For centuries, we have known that people go through different stages as they progress in life. Often, the transition from one stage to another is bewildering and stressful.
Although psychologists have offered many ways of labeling these life stages, probably the most well-known is Erik Erikson’s theory. Erikson divided the human lifespan into 8 stages. Because the most dramatic changes happen as a person is growing up, his first 5 stages cover 0 to 18 years old.
But for most of us, life doesn’t flatline at 18. Rather, changes multiply as we embark on adulthood, progress into middle-age, and settle down in later life. In fact, life in your 30's is often the most challenging because this period is when most people marry, advance in their careers, and have children. And after the 30’s comes the infamous “mid-life crisis.”
If you are entering a new stage in life, you may be facing the stress of that now. But you don’t have to flounder in uncertainty. It is absolutely possible to adjust and live meaningfully in any stage of life.
The first step of adaptation is understanding the stage you have just entered into. Erikson categorized the period of 18 to 40 years with the phrase “intimacy vs. isolation”. These years are marked by forming loving relationships, so it is vital to look around and see what good relationships you are developing. If there aren’t any, consider taking up a hobby or activity that will engage you in a community.
40 to 65-year-olds are going through what Erikson called the “generativity vs. stagnation” stage. By caring for something that will last beyond yourself, you will feel useful. If you are successful at finding something you can contribute to, you will enter the last stage, “ego integrity vs. despair” with certainty that you have accomplished something meaningful.
Erikson’s theory actually only has three adult stages, while other psychologists recognize many more. In adulthood, development is rarely marked by very clear steps as it is in childhood and adolescence. Instead, all sorts of things can indicate that you are moving into a different life stage, from getting married to realizing that people treat you with a different level of respect. Being aware of this may help you adjust more quickly.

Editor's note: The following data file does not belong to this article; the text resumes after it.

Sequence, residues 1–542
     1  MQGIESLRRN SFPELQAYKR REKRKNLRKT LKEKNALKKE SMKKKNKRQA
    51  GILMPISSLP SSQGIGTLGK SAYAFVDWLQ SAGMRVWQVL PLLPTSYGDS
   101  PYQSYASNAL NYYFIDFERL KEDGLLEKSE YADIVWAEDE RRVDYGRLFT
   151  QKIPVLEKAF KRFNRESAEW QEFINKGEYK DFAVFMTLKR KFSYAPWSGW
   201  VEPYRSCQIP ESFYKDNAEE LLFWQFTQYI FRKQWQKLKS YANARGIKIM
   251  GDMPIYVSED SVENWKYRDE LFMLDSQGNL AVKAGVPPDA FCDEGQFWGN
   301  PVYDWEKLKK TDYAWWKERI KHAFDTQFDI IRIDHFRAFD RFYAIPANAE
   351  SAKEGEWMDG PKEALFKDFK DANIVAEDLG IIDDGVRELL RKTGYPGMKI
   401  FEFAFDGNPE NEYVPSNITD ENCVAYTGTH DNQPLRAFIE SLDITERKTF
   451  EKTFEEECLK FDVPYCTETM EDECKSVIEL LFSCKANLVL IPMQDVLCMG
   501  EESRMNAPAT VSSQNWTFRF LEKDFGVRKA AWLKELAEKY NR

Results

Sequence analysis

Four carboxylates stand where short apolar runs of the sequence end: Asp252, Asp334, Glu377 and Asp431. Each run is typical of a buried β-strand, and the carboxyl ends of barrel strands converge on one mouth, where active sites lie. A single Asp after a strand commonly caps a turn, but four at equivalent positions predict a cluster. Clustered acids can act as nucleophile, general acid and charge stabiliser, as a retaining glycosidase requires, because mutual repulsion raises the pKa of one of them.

Moving into a new stage of life is often accompanied by major changes, such as having your first kid. These changes can be stressful, but this stress is manageable. Living a healthy lifestyle enables you to cope with new situations.
Sleeping regular hours every night, eating good food, and exercising every day are vital in a new stage of life. Doing these will decrease the chances of illness, and they will also provide a sense of normality. Of course, it is also important that you take time each week to rest and relax!
You probably know that elderly people can provide wise advice to younger people. But this doesn’t just apply to those over 70! Each stage of life is associated with different traits that are helpful to society. By figuring out what your stage is good at, you may feel more useful and helpful to the people around you.
For example, people in their 20’s and 30’s are often known for their enterprise. Young adults have energy, creativity, and excitement that lead them to do new things. They can contribute this enterprise to their businesses, their families, and further education.
The human lifespan is marked by many different stages. While adapting to a new stage can be difficult, there are things you can do to make it easier. Each stage has something valuable to contribute to society.